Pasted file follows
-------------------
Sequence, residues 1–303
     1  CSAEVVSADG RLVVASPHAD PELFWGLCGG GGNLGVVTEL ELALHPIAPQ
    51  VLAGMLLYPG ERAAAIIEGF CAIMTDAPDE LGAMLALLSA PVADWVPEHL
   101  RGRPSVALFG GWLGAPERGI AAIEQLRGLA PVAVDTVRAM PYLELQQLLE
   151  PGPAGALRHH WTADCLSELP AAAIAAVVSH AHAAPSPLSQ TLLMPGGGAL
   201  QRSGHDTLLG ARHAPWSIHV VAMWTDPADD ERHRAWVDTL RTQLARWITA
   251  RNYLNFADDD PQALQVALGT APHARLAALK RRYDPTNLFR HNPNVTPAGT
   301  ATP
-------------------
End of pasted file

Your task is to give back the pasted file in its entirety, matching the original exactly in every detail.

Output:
Sequence, residues 1–303
     1  CSAEVVSADG RLVVASPHAD PELFWGLCGG GGNLGVVTEL ELALHPIAPQ
    51  VLAGMLLYPG ERAAAIIEGF CAIMTDAPDE LGAMLALLSA PVADWVPEHL
   101  RGRPSVALFG GWLGAPERGI AAIEQLRGLA PVAVDTVRAM PYLELQQLLE
   151  PGPAGALRHH WTADCLSELP AAAIAAVVSH AHAAPSPLSQ TLLMPGGGAL
   201  QRSGHDTLLG ARHAPWSIHV VAMWTDPADD ERHRAWVDTL RTQLARWITA
   251  RNYLNFADDD PQALQVALGT APHARLAALK RRYDPTNLFR HNPNVTPAGT
   301  ATP